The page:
GTXID = Global Transaction ID
LSESSION= Local Session , this is the session in your local database
(ie: the database where you are connected and running this script)
S = Status of the LSESSION, it has 1 letter with this meaning :

First
—————–
I (inactive)
A (active)
C (cached)
S (sniped)
K (killed)

WAITING = what LSESSION is waiting for

ORIGIN = Machine-PID , Machine where the Client Tool is running,
PID is the Operating System Process Id of Client Process

You would want to run this SELECT to have a quick look at the active
distributed transactions.

o Second Query : distri_details.sql
Is intended to show more details about the active distributed transactions.
See the “Sample Output” below to get details.

You would want to run this SELECT when you need to see all the information
about a particular distributed transaction .

References

Note:62354.1 TX Transaction locks – Example wait scenarios

Script

REM distri.sql
column origin format a13
column GTXID format a35
column LSESSION format a10
column s format a1
column waiting format a15
Select /*+ ORDERED */
substr(s.ksusemnm,1,10)||’-‘|| substr(s.ksusepid,1,10) “ORIGIN”,
substr(g.K2GTITID_ORA,1,35) “GTXID”,
substr(s.indx,1,4)||’.’|| substr(s.ksuseser,1,5) “LSESSION” ,
substr(decode(bitand(ksuseidl,11),
1,’ACTIVE’,
0, decode(bitand(ksuseflg,4096),0,’INACTIVE’,’CACHED’),
2,’SNIPED’,
3,’SNIPED’, ‘KILLED’),1,1) “S”,
substr(event,1,10) “WAITING”
from x$k2gte g, x$ktcxb t, x$ksuse s, v$session_wait w
— where g.K2GTeXCB =t.ktcxbxba <= use this if running in Oracle7
where g.K2GTDXCB =t.ktcxbxba — comment out if running in Oracle8 or later
and g.K2GTDSES=t.ktcxbses
and s.addr=g.K2GTDSES
and w.sid=s.indx;

REM distri_details.sql
set headin off
select /*+ ORDERED */
‘—————————————-‘||’
Curent Time : ‘|| substr(to_char(sysdate,’dd-Mon-YYYY HH24.MI.SS’),1,22) ||’
‘||’GTXID=’||substr(g.K2GTITID_EXT,1,10) ||’
‘||’Ascii GTXID=’||g.K2GTITID_ORA ||’
‘||’Branch= ‘||g.K2GTIBID ||’
Client Process ID is ‘|| substr(s.ksusepid,1,10)||’
running in machine : ‘||substr(s.ksusemnm,1,80)||’
Local TX Id =’||substr(t.KXIDUSN||’.’||t.kXIDSLT||’.’||t.kXIDSQN,1,10) ||’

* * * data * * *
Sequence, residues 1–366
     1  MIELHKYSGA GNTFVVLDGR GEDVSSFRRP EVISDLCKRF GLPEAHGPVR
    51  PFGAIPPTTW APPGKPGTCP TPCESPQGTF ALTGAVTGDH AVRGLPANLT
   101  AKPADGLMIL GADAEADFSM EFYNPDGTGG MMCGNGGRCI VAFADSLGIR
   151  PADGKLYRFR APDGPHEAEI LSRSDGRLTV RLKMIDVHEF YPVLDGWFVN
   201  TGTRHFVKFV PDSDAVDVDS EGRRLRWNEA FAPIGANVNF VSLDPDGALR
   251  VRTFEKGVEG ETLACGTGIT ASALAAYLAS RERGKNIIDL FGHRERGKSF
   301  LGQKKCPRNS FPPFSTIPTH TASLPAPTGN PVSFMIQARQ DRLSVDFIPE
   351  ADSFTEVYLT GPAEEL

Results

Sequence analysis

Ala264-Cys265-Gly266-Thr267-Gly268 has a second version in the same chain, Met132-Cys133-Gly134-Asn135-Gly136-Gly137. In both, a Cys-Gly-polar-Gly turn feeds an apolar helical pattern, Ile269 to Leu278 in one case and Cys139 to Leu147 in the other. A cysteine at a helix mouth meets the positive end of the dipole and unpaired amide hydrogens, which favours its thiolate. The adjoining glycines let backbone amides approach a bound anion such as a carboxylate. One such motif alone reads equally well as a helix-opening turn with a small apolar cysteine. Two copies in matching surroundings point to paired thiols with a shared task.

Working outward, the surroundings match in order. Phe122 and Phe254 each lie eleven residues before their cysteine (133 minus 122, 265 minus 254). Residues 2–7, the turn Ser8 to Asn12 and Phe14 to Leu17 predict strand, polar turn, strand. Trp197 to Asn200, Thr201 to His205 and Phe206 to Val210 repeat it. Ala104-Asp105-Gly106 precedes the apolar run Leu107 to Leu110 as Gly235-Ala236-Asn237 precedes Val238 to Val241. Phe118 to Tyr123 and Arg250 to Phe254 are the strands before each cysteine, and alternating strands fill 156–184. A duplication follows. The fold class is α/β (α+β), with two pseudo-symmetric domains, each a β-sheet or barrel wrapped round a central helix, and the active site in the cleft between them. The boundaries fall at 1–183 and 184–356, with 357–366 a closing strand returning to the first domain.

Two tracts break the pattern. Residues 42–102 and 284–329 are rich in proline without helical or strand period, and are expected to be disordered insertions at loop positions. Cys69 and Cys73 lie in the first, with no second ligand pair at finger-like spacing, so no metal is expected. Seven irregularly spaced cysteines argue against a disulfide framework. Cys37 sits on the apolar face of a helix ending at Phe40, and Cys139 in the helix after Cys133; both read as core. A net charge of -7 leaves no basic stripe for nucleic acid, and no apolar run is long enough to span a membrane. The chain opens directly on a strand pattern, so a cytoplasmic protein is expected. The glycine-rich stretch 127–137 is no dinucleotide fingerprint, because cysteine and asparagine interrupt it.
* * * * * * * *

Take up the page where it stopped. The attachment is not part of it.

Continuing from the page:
Local Session SID.SERIAL =’||substr(s.indx,1,4)||’.’|| s.ksuseser ||’
is : ‘||decode(bitand(ksuseidl,11),1,’ACTIVE’,0,
decode(bitand(ksuseflg,4096),0,’INACTIVE’,’CACHED’),
2,’SNIPED’,3,’SNIPED’, ‘KILLED’) ||
‘ and ‘|| substr(STATE,1,9)||
‘ since ‘|| to_char(SECONDS_IN_WAIT,’9999′)||’ seconds’ ||’
Wait Event is :’||’
‘|| substr(event,1,30)||’ ‘||p1text||’=’||p1
||’,’||p2text||’=’||p2
||’,’||p3text||’=’||p3 ||’
Waited ‘||to_char(SEQ#,’99999′)||’ times ‘||’
Server for this session:’ ||decode(s.ksspatyp,1,’Dedicated Server’,
2,’Shared Server’,3,
‘PSE’,’None’) “Server”
from x$k2gte g, x$ktcxb t, x$ksuse s, v$session_wait w
— where g.K2GTeXCB =t.ktcxbxba <= use this if running Oracle7
where g.K2GTDXCB =t.ktcxbxba — comment out if running Oracle8 or later
and g.K2GTDSES=t.ktcxbses
and s.addr=g.K2GTDSES
and w.sid=s.indx;
set headin on
— end script

Sample Output

For all the samples, we have 2 machines :

esibm1 with a database V73_0.WORLD
and
esosf2 with a database V734.WORLD

In esibm1 we have a public database link V734 using ‘V734.WORLD’;
and in esosf2 we have a public database link V73_0 using ‘V73_0.WORLD’;

Sample-1 :
~~~~~~~~~~

-in esibm1: sqlplus scott/tiger

select * from dual@V734 for update ;

-in esibm1: sqlplus sys/manager @distri

ORIGIN

GTXID

LSESSION

S

WAITING

esibm1-23658

V73_0.WORLD.ea8e383e.2.45.4446

9.267

I

SQL*Net-m

ORIGIN= esibm1-23658 , this means the Client – sqlplus in this case – is
running in machine esibm1 and it is the process with PID= 23658

GTXID = V73_0.WORLD.ea8e383e.2.45.4446 is the Global Transaction Identifier,
it identifies the database where the distributed transaction started,